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1.  Ocular toxicity of authentic lunar dust 
BMC Ophthalmology  2012;12:26.
Background
Dust exposure is a well-known occupational hazard for terrestrial workers and astronauts alike and will continue to be a concern as humankind pursues exploration and habitation of objects beyond Earth. Humankind’s limited exploration experience with the Apollo Program indicates that exposure to dust will be unavoidable. Therefore, NASA must assess potential toxicity and recommend appropriate mitigation measures to ensure that explorers are adequately protected. Visual acuity is critical during exploration activities and operations aboard spacecraft. Therefore, the present research was performed to ascertain the ocular toxicity of authentic lunar dust.
Methods
Small (mean particle diameter = 2.9 ± 1.0 μm), reactive lunar dust particles were produced by grinding bulk dust under ultrapure nitrogen conditions. Chemical reactivity and cytotoxicity testing were performed using the commercially available EpiOcularTM assay. Subsequent in vivo Draize testing utilized a larger size fraction of unground lunar dust that is more relevant to ocular exposures (particles <120 μm; median particle diameter = 50.9 ± 19.8 μm).
Results
In vitro testing indicated minimal irritancy potential based on the time required to reduce cell viability by 50% (ET50). Follow-up testing using the Draize standard protocol confirmed that the lunar dust was minimally irritating. Minor irritation of the upper eyelids was noted at the 1-hour observation point, but these effects resolved within 24 hours. In addition, no corneal scratching was observed using fluorescein stain.
Conclusions
Low-titanium mare lunar dust is minimally irritating to the eyes and is considered a nuisance dust for ocular exposure. No special precautions are recommended to protect against ocular exposures, but fully shielded goggles may be used if dust becomes a nuisance.
doi:10.1186/1471-2415-12-26
PMCID: PMC3484112  PMID: 22817808
2.  Cholesterol as Treatment for Pneumococcal Keratitis: Cholesterol-Specific Inhibition of Pneumolysin in the Cornea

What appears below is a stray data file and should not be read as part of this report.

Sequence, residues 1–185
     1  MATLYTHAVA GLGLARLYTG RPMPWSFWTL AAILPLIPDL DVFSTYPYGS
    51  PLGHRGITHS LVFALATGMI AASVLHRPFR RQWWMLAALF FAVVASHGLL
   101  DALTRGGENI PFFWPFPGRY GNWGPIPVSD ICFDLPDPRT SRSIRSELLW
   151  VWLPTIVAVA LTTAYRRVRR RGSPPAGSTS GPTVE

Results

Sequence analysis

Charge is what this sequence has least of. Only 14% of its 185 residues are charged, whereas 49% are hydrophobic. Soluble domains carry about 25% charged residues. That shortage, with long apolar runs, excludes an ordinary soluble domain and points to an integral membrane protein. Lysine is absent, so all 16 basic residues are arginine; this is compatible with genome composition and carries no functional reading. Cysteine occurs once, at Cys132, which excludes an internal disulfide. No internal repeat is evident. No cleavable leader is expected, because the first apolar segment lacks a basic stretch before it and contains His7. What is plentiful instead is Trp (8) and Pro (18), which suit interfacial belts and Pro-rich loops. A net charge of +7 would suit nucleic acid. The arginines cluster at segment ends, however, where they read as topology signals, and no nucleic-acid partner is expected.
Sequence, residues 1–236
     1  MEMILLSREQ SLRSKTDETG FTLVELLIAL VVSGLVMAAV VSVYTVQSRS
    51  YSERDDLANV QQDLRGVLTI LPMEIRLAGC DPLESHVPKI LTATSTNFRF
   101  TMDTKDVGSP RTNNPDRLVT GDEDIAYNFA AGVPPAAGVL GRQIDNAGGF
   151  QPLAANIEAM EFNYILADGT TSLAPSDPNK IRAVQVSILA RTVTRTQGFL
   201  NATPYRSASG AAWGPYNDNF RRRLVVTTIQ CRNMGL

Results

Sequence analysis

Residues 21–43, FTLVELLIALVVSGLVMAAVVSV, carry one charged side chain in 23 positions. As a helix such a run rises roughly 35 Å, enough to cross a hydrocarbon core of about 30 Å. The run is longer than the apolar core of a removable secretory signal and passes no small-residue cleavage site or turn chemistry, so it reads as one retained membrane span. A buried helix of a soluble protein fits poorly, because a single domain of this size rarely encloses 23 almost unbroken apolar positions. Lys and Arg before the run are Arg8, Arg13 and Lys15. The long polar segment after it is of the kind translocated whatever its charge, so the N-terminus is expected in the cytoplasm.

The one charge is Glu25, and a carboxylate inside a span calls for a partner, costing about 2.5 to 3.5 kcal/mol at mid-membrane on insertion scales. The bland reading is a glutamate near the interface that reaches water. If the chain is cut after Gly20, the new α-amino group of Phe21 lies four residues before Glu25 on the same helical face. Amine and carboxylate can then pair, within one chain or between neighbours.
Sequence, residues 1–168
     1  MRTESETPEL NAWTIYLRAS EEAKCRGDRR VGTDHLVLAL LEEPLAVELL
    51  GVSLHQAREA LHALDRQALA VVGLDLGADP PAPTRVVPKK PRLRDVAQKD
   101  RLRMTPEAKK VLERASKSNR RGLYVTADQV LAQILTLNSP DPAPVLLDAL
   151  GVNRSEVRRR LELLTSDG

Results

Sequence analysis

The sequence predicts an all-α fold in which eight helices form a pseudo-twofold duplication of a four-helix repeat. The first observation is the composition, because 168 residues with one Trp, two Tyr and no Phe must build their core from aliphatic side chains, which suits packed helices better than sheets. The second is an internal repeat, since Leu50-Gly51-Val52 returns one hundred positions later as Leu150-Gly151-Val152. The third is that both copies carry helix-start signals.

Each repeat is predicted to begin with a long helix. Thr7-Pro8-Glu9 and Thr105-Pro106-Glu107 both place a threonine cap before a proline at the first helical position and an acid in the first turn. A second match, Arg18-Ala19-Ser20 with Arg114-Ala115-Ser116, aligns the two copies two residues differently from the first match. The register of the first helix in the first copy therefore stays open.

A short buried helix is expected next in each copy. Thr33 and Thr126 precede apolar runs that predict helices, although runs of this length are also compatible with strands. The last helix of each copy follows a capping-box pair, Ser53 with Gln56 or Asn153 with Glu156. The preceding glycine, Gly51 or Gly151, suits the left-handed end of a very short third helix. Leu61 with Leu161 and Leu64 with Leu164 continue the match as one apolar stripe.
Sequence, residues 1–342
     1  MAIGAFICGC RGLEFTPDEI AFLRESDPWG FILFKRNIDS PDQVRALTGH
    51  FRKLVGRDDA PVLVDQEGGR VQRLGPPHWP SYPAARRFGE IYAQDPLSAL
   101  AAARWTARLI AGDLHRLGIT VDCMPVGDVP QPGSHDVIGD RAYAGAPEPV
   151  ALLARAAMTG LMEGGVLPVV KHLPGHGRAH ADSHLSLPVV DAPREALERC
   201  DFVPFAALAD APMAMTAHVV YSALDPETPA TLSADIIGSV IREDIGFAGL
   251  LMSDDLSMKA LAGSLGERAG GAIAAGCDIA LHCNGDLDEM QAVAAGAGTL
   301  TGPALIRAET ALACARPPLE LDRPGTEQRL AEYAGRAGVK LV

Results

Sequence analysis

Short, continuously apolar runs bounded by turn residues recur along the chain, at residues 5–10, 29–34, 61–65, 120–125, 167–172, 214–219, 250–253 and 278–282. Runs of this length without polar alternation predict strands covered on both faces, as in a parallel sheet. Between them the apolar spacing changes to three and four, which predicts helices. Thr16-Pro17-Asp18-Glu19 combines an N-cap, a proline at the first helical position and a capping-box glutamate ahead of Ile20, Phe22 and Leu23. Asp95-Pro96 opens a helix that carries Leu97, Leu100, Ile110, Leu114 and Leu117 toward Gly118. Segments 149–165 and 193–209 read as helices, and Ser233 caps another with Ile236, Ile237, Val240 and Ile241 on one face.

Purpose
The purpose of this study was to determine whether cholesterol, the host cell receptor for pneumolysin of Streptococcus pneumoniae, could effectively treat pneumococcal keratitis.
Methods
New Zealand White rabbits were intrastromally injected with 105 colony-forming units (CFUs) of S. pneumoniae D39. Corneas were treated with topical drops of 1% cholesterol every 2 hours beginning 25 hours after infection and were examined by slit lamp microscopy 24, 36, and 48 hours after infection. Rabbits were killed, and CFUs were recovered from the corneas after the final slit lamp examination (SLE). Minimal inhibitory concentration (MIC) assays of cholesterol against bacteria were performed. Specific inhibition of pneumolysin by cholesterol in the rabbit cornea was tested by intrastromal injection of pneumolysin with or without cholesterol and was compared with cholesterol inhibition of pneumolysin in vitro using hemolysis assays with rabbit erythrocytes.
Results
Corneas treated with cholesterol had significantly lower SLE scores 48 hours after infection than corneas treated with vehicle (P = 0.0015). Treated corneas also had significantly less log10 CFUs than vehicle-treated corneas (P = 0.0006). Cholesterol at a 1% concentration was bactericidal to bacteria in vitro, and lower concentrations of cholesterol were partially inhibitory in a concentration-dependent manner. Cholesterol also specifically inhibited 1 μg pneumolysin in vivo and up to 50 ng pneumolysin in vitro.
Conclusions
Topical cholesterol is an effective treatment for S. pneumoniae keratitis. Cholesterol not only inhibits pneumolysin, it is also bactericidal.
doi:10.1167/iovs.07-0017
PMCID: PMC2814300  PMID: 17525197
3.  Protection from Streptococcus pneumoniae Keratitis by Passive Immunization with Pneumolysin Antiserum 
Purpose
To determine whether passive immunization with pneumolysin antiserum can reduce corneal damage associated with pneumococcal keratitis.
Methods
New Zealand White rabbits were intrastromally injected with Streptococcus pneumoniae and then passively immunized with control serum, antiserum against heat-inactivated pneumolysin (HI-PLY), or antiserum against cytotoxin-negative pneumolysin (ψPLY). Slit lamp examinations (SLEs) were performed at 24, 36, and 48 hours after infection. An additional four corneas from rabbits passively immunized with antiserum against ψPLY were examined up to 14 days after infection. Colony forming units (CFUs) were quantitated from corneas extracted at 20 and 48 hours after infection. Histopathology of rabbit eyes was performed at 48 hours after infection.
Results
SLE scores at 36 and 48 hours after infection were significantly lower in rabbits passively immunized with HI-PLY antiserum than in control rabbits (P ≤ 0.043). SLE scores at 24, 36, and 48 hours after infection were significantly lower in rabbits passively immunized with ψPLY antiserum than in control rabbits (P ≤ 0.010). The corneas of passively immunized rabbits that were examined up to 14 days after infection exhibited a sequential decrease in keratitis, with an SLE score average of 2.000 ± 1.586 at 14 days. CFUs recovered from infected corneas were not significantly different between each experimental group and the respective control group at 20 or 48 hours after infection (P ≥ 0.335). Histologic sections showed more corneal edema and polymorphonuclear leukocyte (PMN) infiltration in control rabbits compared with passively immunized rabbits.
Conclusions
HI-PLY and ψPLY both elicit antibodies that provide passive protection against S. pneumoniae keratitis.
doi:10.1167/iovs.07-0492
PMCID: PMC2633641  PMID: 18172105

Results 1-3 (3)